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Data Feminism and Data Justice

“Data” can seem like an abstract term – What counts as data? Who decides what is counted? How is data created? What is it used for? These questions are some of the ones you might ask when applying a Data Feminist framework to you research. Data Feminism goes beyond looking at the mechanics and logistics […]

Meet Michelle Reed: New Head of The Scholarly Commons

It is an exciting time for our unit because we finally have a new head of the Scholarly Commons, Michelle Reed! We want to give our readers a chance to learn more about Michelle and her career in this blog post. Before joining us, Michelle worked as Associate Librarian and Director of Open Educational Resources […]

Meet Our Graduate Assistants: Sarah Appedu

In this interview series we ask our graduate assistants questions for our readers to get to know them better. Our first interview this year is with Sarah Appedu! What is your background education and work experience? Before attending graduate school, I worked as the Scholarly Communications Assistant in the academic library of a small liberal […]

Introductions: What is Digital Scholarship, anyways?

This is the beginning of a new series where we introduce you to the various topics that we cover in the Scholarly Commons. Maybe you’re new to the field or you’re just to the point where you’re just too afraid to ask… Fear not! We are here to take it back to the basics! What […]

Simple NetInt: A New Data Visualization Tool from Illinois Assistant Professor, Juan Salamanca

Juan Salamanca Ph.D, Assistant Professor in the School of Art and Design at the University of Illinois Urbana-Champaign recently created a new data visualization tool called Simple NetInt. Though developed from a tool he created a few years ago, this tool brings entirely new opportunities to digital scholarship! This week we had the chance to […]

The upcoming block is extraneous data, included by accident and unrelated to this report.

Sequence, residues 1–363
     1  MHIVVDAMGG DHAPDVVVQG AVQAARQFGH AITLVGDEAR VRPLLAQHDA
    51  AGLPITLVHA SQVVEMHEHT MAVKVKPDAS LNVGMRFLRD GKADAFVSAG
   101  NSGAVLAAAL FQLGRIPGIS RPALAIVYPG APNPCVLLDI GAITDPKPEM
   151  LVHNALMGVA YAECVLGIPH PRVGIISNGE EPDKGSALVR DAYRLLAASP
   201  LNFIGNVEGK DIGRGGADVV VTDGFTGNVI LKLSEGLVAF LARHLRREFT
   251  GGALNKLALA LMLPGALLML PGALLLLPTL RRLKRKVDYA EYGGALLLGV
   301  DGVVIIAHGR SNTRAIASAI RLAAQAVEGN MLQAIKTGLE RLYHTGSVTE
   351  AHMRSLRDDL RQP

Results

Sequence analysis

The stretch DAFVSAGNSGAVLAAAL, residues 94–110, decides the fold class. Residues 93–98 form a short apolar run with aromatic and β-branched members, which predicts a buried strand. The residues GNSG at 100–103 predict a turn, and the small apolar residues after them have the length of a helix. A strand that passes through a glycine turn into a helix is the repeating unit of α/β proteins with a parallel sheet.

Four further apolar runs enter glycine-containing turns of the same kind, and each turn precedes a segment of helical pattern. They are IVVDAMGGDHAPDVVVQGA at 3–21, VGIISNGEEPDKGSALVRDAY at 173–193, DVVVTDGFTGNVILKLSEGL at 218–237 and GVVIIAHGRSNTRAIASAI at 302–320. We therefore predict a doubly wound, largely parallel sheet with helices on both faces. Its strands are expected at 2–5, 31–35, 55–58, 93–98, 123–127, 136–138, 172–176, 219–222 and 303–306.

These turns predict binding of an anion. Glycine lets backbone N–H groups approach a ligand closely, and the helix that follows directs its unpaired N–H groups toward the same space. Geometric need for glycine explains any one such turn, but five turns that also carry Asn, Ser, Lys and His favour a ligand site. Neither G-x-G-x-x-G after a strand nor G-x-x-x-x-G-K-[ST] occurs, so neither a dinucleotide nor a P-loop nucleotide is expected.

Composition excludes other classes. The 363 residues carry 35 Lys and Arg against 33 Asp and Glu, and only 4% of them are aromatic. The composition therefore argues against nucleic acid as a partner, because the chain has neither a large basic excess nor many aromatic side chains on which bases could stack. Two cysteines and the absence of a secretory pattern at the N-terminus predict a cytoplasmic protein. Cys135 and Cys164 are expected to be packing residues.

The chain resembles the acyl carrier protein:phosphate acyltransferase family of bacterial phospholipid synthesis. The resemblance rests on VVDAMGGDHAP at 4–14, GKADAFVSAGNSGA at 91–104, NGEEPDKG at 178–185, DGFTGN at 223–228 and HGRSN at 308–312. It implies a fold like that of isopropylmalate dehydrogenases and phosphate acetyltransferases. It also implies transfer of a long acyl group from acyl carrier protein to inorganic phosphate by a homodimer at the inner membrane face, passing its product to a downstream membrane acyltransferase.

Happy Open Education Week 2021!

Every March, librarians around the world celebrate Open Education Week, a time to raise awareness of the need for and use of Open Educational Resources on our campuses. Many libraries are engaged in promoting these resources to faculty and administrators in order to help reduce the cost of course materials for students. Open Educational Resources […]

Thinking Beyond the Four Factors

Every year, libraries and other information professionals recognize Fair Use Week, a week dedicated to educating our communities about the power of Fair Use to help them make informed and responsible decisions about their use of copyrighted materials. For example, the University Library at the University of Illinois will be sponsoring a Fair Use Week […]

5 Things for Educators to Know About Copyright Before Posting on Youtube

Making Youtube videos can be a fun and easy way to incorporate new media into a virtual classroom and provide an alternative to live lectures. That being said there are a few copyright concerns to keep in mind before you post. Youtube is a public online space that anyone can access, so the guidelines for […]

The Art Institute of Chicago Launches Public API

Application Programming Interfaces, or APIs, are a major feature of the web today. Almost every major website has one, including Google Maps, Facebook, Twitter, Spotify, Wikipedia, and Netflix. If you Google the name of your favorite website and API, chances are you will find an API for it. Last week, another institution joined the millions […]

Holiday Data Visualizations

The fall 2020 semester is almost over, which means that it is the holiday season again! We would especially like to wish everyone in the Jewish community a happy first night of Hanukkah tonight. To celebrate the end of this semester, here are some fun Christmas and Hanukkah-related data visualizations to explore. Popular Christmas Songs […]